“I strongly believe in public education,” she said. “I believe in its gifts and what it offers and helping improve its ability to meet the needs of every child. And there’s always room for improvement in how to meet the need for every child so they can be the best they can be.”
Upon graduation, she taught first and second grade at Underhill ID School in Vermont. She briefly left public education to work on curriculum at the ECHO Lake Aquarium and Science Center and at the YMCA in Burlington before returning to school to attain a masters in education leadership from UVM. After spending time as the regional director for Building Bright Futures, she became principal at Doty, a position she held for four years.
Throughout her education experiences, Komons-Montroll has been passionate about how the system of education works, how teachers, staff, parents and the entire school system can have a positive influence on a student. “Everything is connected,” she said. “If everything is connected, it makes sense to look at it from a wider view and knowing that one thing will impact everything else.”
In CCS, Komons-Montroll sees another opportunity to have a positive impact on a school, one closer to the Burlington home she shares with her husband and two children.
“This is a high-quality school with high-caliber teachers, engaged parents and community,” said Komons-Montroll. “It’s all very exciting.”
As she gets acquainted with CCS, one of the system-wide issues she has to contend with is how she and Sumner will construct the lead principal / instructional leader roles. Right now they’re developing it, building on the proposal that the School Board created but taking a strengths-based approach to cementing their roles. One thing is for sure, she and Sumner have hit it off.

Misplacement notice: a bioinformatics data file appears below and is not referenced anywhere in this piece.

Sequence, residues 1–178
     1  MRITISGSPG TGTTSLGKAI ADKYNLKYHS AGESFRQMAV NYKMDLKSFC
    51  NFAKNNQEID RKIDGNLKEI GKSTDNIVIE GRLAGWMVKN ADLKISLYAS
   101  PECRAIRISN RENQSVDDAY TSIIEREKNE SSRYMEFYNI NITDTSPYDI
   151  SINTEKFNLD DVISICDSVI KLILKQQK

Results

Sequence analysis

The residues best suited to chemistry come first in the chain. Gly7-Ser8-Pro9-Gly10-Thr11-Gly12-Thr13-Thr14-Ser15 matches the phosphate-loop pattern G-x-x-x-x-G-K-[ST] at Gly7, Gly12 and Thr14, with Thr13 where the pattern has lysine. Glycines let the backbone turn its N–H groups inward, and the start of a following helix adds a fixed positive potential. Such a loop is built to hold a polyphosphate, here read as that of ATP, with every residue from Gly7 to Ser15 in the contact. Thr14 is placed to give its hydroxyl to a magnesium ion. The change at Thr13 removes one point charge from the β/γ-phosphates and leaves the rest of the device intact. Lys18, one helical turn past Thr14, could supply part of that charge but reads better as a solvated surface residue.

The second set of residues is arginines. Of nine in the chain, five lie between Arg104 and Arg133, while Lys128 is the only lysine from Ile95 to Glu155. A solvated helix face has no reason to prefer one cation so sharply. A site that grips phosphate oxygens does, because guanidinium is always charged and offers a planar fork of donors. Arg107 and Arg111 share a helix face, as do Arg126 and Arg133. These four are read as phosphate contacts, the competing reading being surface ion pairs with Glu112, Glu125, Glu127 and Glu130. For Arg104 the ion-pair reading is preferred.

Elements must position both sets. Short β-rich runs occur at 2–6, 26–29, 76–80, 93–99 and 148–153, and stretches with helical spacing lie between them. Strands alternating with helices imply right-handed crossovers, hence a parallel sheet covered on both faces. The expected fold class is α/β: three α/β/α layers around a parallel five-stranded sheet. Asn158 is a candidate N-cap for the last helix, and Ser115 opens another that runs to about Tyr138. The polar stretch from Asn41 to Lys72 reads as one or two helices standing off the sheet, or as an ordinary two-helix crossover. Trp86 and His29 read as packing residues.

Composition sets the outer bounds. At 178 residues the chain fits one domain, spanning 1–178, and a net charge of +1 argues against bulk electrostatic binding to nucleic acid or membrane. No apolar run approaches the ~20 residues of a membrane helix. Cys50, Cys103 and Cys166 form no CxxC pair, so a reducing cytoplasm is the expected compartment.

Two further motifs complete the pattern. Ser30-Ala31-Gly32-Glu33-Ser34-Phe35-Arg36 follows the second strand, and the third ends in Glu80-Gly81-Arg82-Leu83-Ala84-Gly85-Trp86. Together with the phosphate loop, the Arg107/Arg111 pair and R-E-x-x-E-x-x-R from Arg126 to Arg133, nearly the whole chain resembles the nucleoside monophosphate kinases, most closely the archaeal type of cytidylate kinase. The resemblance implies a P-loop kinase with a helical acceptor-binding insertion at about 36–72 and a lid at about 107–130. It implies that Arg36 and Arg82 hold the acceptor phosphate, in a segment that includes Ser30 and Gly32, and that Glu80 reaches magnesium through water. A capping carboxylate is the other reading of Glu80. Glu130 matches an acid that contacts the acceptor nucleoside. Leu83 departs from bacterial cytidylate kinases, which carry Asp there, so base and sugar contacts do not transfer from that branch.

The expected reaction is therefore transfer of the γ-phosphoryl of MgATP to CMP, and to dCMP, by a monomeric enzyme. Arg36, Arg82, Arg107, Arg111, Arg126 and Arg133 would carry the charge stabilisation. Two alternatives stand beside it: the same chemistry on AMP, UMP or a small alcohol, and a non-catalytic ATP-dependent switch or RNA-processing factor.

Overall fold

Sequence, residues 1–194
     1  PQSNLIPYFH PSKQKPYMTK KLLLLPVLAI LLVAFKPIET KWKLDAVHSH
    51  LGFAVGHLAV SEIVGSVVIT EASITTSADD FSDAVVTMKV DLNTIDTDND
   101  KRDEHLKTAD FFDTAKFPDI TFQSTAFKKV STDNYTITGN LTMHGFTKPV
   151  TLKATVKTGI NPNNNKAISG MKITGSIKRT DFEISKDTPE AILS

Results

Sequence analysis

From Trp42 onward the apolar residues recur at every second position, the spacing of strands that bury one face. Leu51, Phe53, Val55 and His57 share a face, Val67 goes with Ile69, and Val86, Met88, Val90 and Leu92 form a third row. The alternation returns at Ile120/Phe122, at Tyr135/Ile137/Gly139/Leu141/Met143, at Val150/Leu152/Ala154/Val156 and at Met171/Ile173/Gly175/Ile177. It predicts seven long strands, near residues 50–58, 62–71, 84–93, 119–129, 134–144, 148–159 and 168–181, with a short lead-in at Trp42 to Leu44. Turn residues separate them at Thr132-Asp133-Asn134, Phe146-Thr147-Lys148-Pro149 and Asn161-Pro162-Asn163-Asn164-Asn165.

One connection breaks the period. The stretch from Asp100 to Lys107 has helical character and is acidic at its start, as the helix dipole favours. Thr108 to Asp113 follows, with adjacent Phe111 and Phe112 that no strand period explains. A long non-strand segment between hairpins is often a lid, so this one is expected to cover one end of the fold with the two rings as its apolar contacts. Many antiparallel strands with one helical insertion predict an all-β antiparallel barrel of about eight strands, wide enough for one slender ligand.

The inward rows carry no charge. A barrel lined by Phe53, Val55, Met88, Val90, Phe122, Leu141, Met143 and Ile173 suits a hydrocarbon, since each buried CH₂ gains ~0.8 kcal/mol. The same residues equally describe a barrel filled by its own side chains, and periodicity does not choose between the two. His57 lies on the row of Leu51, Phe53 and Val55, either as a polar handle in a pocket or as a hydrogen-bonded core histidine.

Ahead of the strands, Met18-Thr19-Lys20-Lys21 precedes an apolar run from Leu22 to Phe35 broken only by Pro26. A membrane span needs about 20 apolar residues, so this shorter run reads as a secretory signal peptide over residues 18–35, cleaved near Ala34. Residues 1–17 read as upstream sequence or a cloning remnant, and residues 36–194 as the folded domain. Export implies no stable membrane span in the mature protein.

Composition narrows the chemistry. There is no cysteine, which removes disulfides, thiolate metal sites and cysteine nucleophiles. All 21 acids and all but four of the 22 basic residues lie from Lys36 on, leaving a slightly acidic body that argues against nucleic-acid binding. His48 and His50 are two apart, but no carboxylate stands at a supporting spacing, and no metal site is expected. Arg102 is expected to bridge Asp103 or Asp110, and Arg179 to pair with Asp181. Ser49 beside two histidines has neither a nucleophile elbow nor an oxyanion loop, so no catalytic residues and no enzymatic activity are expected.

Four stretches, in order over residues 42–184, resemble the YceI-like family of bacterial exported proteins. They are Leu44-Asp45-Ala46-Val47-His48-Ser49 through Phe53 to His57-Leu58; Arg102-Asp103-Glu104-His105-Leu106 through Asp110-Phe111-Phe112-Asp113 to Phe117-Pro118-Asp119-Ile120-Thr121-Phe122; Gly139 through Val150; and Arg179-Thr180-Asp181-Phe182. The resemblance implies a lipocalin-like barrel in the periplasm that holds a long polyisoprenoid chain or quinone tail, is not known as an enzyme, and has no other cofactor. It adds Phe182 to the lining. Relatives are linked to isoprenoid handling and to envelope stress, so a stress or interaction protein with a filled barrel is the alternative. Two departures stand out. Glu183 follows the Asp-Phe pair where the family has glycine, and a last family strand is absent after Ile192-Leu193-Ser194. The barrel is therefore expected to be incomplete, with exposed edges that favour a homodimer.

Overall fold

“Barbara Anne and I have worked together beautifully so far,” said Sumner. “We have worked hard this summer to carve out as much time together as possible, and that time has felt very organic and energizing.”
For her part, Sumner is focused on connecting with teachers. She will oversee the continuing implementation of Common Core State Standards and Next Generation Standards as well as personalized learning plans, efforts that will see her lending support to teachers implementing them in their lesson plans.
Said Sumner, “In the short-term, that means a lot of ‘on-the-ground’ support—being available to support teachers with their instruction and assessment and being a leader in the professional development needed to support them. It is essential that we work to find ways that better enable our teachers to focus on student learning in the face of many increasing demands on our time with students.”
For both Komons-Montroll and Sumner, the coming weeks and months are opportunities to make these relationships and more. Komons-Montroll has some ideas for making connections with Charlotters as she moves closer to the first day of classes. Until then, she said, she’s happy to have the opportunity to make a difference at CCS.
“It’s exciting,” she said. “I will grow and learn through this process. I see opportunities where I can grow myself, and I will grow with everybody here.”